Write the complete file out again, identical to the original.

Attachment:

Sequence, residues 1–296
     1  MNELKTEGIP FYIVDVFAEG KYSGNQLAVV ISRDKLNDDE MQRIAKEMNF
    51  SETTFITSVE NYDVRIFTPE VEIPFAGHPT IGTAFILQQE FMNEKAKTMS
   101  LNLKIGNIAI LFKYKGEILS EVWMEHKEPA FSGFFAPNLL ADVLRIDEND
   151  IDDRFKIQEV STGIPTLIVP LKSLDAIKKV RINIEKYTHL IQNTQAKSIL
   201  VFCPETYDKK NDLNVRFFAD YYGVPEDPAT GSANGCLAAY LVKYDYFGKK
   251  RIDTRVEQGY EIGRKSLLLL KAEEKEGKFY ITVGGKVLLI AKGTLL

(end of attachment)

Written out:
Sequence, residues 1–296
     1  MNELKTEGIP FYIVDVFAEG KYSGNQLAVV ISRDKLNDDE MQRIAKEMNF
    51  SETTFITSVE NYDVRIFTPE VEIPFAGHPT IGTAFILQQE FMNEKAKTMS
   101  LNLKIGNIAI LFKYKGEILS EVWMEHKEPA FSGFFAPNLL ADVLRIDEND
   151  IDDRFKIQEV STGIPTLIVP LKSLDAIKKV RINIEKYTHL IQNTQAKSIL
   201  VFCPETYDKK NDLNVRFFAD YYGVPEDPAT GSANGCLAAY LVKYDYFGKK
   251  RIDTRVEQGY EIGRKSLLLL KAEEKEGKFY ITVGGKVLLI AKGTLL